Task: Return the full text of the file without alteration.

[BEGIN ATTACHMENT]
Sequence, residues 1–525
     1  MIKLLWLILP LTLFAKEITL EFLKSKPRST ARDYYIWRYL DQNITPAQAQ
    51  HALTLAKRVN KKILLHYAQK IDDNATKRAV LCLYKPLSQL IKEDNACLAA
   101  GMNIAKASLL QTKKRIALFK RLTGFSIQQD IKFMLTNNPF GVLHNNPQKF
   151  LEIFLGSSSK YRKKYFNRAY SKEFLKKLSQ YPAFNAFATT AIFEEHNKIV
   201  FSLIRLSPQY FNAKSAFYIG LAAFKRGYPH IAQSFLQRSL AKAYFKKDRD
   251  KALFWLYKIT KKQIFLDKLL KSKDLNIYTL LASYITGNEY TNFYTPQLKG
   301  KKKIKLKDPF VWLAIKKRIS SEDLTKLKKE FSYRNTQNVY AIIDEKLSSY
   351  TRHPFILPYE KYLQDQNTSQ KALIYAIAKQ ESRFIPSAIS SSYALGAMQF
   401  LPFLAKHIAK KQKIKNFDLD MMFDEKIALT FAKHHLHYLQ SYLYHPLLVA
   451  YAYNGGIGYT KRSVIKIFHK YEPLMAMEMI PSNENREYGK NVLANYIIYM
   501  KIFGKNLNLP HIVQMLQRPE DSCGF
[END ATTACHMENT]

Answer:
Sequence, residues 1–525
     1  MIKLLWLILP LTLFAKEITL EFLKSKPRST ARDYYIWRYL DQNITPAQAQ
    51  HALTLAKRVN KKILLHYAQK IDDNATKRAV LCLYKPLSQL IKEDNACLAA
   101  GMNIAKASLL QTKKRIALFK RLTGFSIQQD IKFMLTNNPF GVLHNNPQKF
   151  LEIFLGSSSK YRKKYFNRAY SKEFLKKLSQ YPAFNAFATT AIFEEHNKIV
   201  FSLIRLSPQY FNAKSAFYIG LAAFKRGYPH IAQSFLQRSL AKAYFKKDRD
   251  KALFWLYKIT KKQIFLDKLL KSKDLNIYTL LASYITGNEY TNFYTPQLKG
   301  KKKIKLKDPF VWLAIKKRIS SEDLTKLKKE FSYRNTQNVY AIIDEKLSSY
   351  TRHPFILPYE KYLQDQNTSQ KALIYAIAKQ ESRFIPSAIS SSYALGAMQF
   401  LPFLAKHIAK KQKIKNFDLD MMFDEKIALT FAKHHLHYLQ SYLYHPLLVA
   451  YAYNGGIGYT KRSVIKIFHK YEPLMAMEMI PSNENREYGK NVLANYIIYM
   501  KIFGKNLNLP HIVQMLQRPE DSCGF